JIS News

‘The Ones We Left Behind’ a drama production exploring the impact of migration on families, will be staged this month at the British Museum in London.A presentation of Full Spectrum Productions, the production features a 30-minute play, a monologue and an interactive discussion.
Sponsored by the Heritage Lottery Fund, the production looks at the extensive migration of people from the Caribbean and other countries during the 1950s and 1960s and explores the cultural, emotional and economic experiences of leaving behind one’s homeland, children, and traditionally extended families.
Jamaican-born Lorna Holder, founder and producer of Full Spectrum Productions, told JIS News that the presentation highlighted the Caribbean heritage and the courage and bravery of the early Caribbean pioneers, many whom were highly skilled professionals who went to work and study in the United Kingdom.
It features a play entitled: ‘Homeward Bound’ written by Troy Fairclough and directed by accomplished British actor Eamonn Walker. Fairclough based his play on a series of workshops led by elders from the Caribbean community last year in London and Nottingham. Homeward Bound is set in the departure lounge at Heathrow Airport and centres around a woman’s dilemma over whether or not she should return to her native Jamaica to live out her retirement.
Ms. Holder said it was written with a view to encouraging cross-generational participation, and an interactive discussion lead by historian and broadcaster Alex Pascall, will take place after the performance.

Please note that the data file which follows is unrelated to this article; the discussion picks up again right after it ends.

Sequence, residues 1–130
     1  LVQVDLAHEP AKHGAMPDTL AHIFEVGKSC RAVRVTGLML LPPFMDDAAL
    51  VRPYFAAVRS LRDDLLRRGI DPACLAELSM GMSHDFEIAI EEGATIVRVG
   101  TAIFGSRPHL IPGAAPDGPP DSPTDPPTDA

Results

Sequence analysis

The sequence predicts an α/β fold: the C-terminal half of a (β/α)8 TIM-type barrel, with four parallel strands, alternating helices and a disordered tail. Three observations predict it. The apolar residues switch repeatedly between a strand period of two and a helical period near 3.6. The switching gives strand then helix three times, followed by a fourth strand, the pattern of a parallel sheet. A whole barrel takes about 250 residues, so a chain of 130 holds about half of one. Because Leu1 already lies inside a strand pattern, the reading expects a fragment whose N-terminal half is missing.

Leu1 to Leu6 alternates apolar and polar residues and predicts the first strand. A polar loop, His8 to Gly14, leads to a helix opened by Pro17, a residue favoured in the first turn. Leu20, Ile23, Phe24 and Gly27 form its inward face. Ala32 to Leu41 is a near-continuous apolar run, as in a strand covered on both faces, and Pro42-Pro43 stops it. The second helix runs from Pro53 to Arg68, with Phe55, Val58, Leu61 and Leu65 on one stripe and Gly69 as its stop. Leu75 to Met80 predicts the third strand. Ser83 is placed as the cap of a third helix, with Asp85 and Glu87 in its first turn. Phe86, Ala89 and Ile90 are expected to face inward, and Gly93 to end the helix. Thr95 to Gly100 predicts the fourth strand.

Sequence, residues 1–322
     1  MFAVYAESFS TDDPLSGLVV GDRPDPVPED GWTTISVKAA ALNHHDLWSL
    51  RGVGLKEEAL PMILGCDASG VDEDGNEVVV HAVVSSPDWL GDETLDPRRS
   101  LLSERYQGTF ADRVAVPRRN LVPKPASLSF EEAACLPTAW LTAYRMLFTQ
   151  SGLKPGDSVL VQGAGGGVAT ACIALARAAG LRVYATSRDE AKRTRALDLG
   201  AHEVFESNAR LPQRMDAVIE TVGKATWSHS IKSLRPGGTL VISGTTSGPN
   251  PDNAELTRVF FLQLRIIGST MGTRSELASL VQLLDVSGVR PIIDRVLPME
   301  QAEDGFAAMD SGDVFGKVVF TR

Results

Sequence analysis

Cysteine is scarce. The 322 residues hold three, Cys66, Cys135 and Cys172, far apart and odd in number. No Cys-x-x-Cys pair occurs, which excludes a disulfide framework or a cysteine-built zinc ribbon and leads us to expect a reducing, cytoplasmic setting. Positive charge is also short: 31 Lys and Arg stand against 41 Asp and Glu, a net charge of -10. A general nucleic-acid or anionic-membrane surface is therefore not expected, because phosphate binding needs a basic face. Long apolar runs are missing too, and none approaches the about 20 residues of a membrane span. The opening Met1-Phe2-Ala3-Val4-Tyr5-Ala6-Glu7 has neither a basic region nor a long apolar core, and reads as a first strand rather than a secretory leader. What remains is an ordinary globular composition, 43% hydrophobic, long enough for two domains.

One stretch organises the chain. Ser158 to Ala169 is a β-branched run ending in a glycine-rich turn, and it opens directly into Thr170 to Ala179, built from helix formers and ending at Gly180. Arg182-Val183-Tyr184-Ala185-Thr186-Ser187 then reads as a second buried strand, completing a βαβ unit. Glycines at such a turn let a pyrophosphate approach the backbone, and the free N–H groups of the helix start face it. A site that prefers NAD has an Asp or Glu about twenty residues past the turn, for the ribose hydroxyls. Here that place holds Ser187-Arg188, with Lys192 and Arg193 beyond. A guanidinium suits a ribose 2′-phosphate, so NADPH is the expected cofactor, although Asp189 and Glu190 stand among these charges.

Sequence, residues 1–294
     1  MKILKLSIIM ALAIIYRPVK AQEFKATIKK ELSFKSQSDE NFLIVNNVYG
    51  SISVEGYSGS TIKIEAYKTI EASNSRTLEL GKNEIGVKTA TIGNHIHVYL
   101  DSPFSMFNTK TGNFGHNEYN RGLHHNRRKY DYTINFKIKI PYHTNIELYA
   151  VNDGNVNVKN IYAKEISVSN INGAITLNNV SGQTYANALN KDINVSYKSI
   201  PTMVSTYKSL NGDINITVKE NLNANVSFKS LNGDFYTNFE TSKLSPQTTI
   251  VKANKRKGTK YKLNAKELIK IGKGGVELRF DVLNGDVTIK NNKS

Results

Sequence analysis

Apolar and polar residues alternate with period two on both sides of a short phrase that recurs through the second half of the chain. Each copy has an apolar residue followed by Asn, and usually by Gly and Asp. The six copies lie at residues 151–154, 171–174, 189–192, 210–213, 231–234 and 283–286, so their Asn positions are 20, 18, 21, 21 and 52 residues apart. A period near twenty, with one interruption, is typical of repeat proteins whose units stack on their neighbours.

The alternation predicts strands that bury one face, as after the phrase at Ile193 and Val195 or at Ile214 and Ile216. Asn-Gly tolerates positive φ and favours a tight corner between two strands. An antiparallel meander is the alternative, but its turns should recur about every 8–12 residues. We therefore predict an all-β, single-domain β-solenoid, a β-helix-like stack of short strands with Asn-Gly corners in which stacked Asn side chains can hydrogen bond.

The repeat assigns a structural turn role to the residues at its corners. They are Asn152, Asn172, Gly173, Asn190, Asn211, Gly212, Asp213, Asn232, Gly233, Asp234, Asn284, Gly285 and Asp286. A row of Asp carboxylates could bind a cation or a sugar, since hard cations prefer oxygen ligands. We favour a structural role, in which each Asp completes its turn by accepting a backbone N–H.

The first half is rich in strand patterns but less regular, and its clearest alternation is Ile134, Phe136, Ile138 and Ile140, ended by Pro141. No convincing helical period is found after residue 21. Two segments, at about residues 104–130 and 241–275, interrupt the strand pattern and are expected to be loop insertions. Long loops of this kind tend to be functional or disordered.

‘The Ones We Left Behind’ also includes the monologue, ‘Departure’ written by Ms. Holder and directed by Leon Herbert, which is based on workshop material and research from the Centre for Filipinos. The dramatic sketch is also set in the departure lounge of Heathrow Airport and the audience listens to a conflicted ‘Nena’ as she decides whether or not to return to the son and husband she left behind in the Philippines 25 years before.
Ms. Holder said that issues raised in the evening’s presentations will reach a wider audience through the publication of a book, which will be distributed free of charge to schools, museums and libraries.
Ms. Holder, who grew up in Nottingham, knows firsthand the difficulties of migration, as she was separated from her mother at the age of four, when she left to start a new life in England in 1957. Her great grandmother looked her after until she was reunited with her mother in 1959.
“The sense of family is one that crosses all cultures and in a time when so many people are travelling the globe in search of better prospects, this production is one that will mean something to everyone. It unites all communities in the sharing of their experiences on the impact of leaving loved ones behind,” she stated.

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